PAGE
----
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Reach for the sky

HeronHarsil-ShahHeron Tower, the City of London’s tallest building has been widely praised for its emphasis on quality and sustainability. Martin Cooper revisits another high rise steel-framed success story.

Heron Tower, London
Main client: Heron
Architect: Kohn Pedersen Fox
Main contractor: Skanska
Structural engineer: Arup
Steelwork contractor: Severfield-Watson Structures
Steel tonnage: 12,000t

Completed in March 2011 Heron Tower has quickly become one of London’s landmark structures, joining an elite group of steel framed signature buildings that dominate the capital’s skyline.

The 46-storey steel and glass tower is 202m tall, with a mast adding a further 28m to its overall height, making it the highest building in the City.

Sustainability lies at the heart of the structure’s design, highlighted by the award of a BREEAM ‘Excellent’ rating. The building is working well, fulfilling high expectations, while tenants enjoy the ambient and light filled office spaces.

More than 3,000m² of photovoltaic cells on the south elevation generate renewable energy and create a solar shield. The use of clear glass maximises daylight to the office floors, reducing the need for artificial lighting and importantly saving on energy consumption.

A landmark steel framed building in the City

A landmark steel framed building in the City

The building is based around a series of three-storey office villages

The building is based around a series of three-storey office villages

One of the UK’s largest aquariums dominates the main entrance

One of the UK’s largest aquariums dominates the main entrance

The Sushisamba restaurant occupies levels 38 and 39 and has the UK’s highest outdoor terrace

The Sushisamba restaurant occupies levels 38 and 39 and has the UK’s highest outdoor terrace

A unique and flexible architectural vision has come to fruition within Heron Tower whereby the building is based around a series of three-storey office villages, at the heart of which is a triple height atrium and entrance foyer.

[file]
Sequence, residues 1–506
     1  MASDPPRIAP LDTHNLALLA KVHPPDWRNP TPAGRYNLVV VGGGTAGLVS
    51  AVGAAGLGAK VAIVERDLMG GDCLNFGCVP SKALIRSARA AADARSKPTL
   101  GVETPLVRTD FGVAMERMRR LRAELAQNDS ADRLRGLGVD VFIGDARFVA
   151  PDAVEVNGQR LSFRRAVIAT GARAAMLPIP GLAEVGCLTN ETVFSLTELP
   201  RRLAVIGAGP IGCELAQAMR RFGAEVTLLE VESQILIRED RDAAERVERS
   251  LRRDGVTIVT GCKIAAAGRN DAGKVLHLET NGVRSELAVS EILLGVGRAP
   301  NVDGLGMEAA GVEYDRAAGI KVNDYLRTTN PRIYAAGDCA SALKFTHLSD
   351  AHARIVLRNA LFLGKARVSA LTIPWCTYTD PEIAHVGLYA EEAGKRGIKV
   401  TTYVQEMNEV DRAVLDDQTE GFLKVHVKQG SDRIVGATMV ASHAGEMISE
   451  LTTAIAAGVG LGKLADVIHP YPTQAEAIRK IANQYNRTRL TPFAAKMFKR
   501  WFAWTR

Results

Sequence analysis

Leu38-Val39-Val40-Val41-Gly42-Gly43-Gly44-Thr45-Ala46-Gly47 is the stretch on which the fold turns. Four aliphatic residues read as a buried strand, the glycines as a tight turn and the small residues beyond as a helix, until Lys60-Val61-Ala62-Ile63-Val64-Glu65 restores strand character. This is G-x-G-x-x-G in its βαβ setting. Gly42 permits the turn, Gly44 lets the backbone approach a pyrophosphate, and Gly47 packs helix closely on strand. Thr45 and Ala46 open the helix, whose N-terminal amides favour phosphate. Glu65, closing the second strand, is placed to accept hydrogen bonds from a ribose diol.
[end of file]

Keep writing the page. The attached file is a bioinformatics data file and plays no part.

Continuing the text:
On entering Heron Tower one of the first impressions is of the size and grandeur of the entrance foyer and of course the large aquarium that is 12m wide and 2m deep.

With a capacity of 70,000 litres and weighing more than 100t when full, this is the largest privately owned fish tank in Europe with 1,200 fish of 67 different species ranging from Green Chromis (60mm when fully grown) to Bamboo Sharks (which grow to a maximum size of 1.2m). The tank is cared for by two full time attendants and divers are needed to clean the rocks and windows twice a week.

Central to Heron Tower’s structural design are the three-storey office villages or atria that begin above the building’s entrance lobby and extend up to the 36th floor. Below the lobby there are three basement levels, adding to the structure’s three-floor symmetry.

More offices are located on level 37, while floors 38, 39 and 40 accommodate Sushisamba and the Duck & Waffle restaurants. The former establishment has the highest outdoor dining terrace in Europe, while the latter, situated on level 40, is officially the highest restaurant in the UK. Above this, the tower’s six topmost floors accommodate plant areas.

In contrast to a typical monolithic appearance with a centre core, Heron Tower has an offset core along its southern elevation that creates a structure with clear and open floor plates.

By positioning the service core along the entire south face of the tower it also shields the offices from unwanted solar gain. In contrast, the village atria are lit by triple height windows along the Bishopsgate elevation allowing northern light to penetrate the workspaces.

Much of Heron Tower’s structural frame was prefabricated by Severfield-Watson at its Yorkshire facility and brought to site in erectable sections. Stability frame sections, weighing 18t each, were delivered to site on bespoke trailers fitted out specially to carry this unique steelwork. The single storey frame sections comprising of two columns and one 12m-long beam along the top, all fully welded, which form the perimeter for one and half structural bays. These sections arrived at site and were lifted straight off the trailers by tower crane and erected immediately.

“There was no site welding necessary and we reduced the amount of bolted connections, which meant a faster erection process,” explains Richard Tarren, Severfield-Watson Contracts Manager.

The tower’s steel framed offset core was erected with prefabricated sections. The core was formed with a number of fully welded T-shaped sections, each one floor high and weighing 16t. Again, with less on-site bolting and less steel members the core’s erection was easily able to keep pace with the rest of the structure.

“Prefabrication played a significant role in the construction programme,” sums up Skanska Project Manager Jonathan Inman. “We had a 189 week programme and the speed of the steel frame construction was vital. The decision to bring less steelwork pieces to site for erection by the utilisation of large prefabricated sections made the process quicker and significantly reduced our programme risk.”

Summing up, Peter Ferrari, Managing Director of Heron International says: “From the building’s exceptional location at the heart of the City, to the emphasis on quality and design, right through to the unique features such as the aquarium in the lobby and the high speed, fully glazed, double deck lift, Heron Tower is a truly special building.”

HeronJMT-LewisVital Statistics

1.    Overall height of 230m
2.    46 storeys
3.    40,836m² of commercial office space
4.    Offices split into three-storey villages
5.    Close proximity to ten London Underground stations
6.    Features the UK’s highest restaurant

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